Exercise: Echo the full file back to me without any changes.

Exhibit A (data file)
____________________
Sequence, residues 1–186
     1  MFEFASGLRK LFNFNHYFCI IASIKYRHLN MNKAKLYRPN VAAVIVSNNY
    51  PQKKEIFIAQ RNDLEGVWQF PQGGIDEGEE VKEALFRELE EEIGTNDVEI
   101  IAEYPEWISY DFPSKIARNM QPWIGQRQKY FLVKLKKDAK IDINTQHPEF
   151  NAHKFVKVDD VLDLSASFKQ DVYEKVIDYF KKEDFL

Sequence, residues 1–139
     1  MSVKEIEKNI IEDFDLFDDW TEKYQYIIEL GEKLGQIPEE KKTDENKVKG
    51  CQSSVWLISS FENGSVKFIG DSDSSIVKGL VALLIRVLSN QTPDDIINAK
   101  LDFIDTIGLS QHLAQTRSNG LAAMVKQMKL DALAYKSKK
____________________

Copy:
Sequence, residues 1–186
     1  MFEFASGLRK LFNFNHYFCI IASIKYRHLN MNKAKLYRPN VAAVIVSNNY
    51  PQKKEIFIAQ RNDLEGVWQF PQGGIDEGEE VKEALFRELE EEIGTNDVEI
   101  IAEYPEWISY DFPSKIARNM QPWIGQRQKY FLVKLKKDAK IDINTQHPEF
   151  NAHKFVKVDD VLDLSASFKQ DVYEKVIDYF KKEDFL

Sequence, residues 1–139
     1  MSVKEIEKNI IEDFDLFDDW TEKYQYIIEL GEKLGQIPEE KKTDENKVKG
    51  CQSSVWLISS FENGSVKFIG DSDSSIVKGL VALLIRVLSN QTPDDIINAK
   101  LDFIDTIGLS QHLAQTRSNG LAAMVKQMKL DALAYKSKK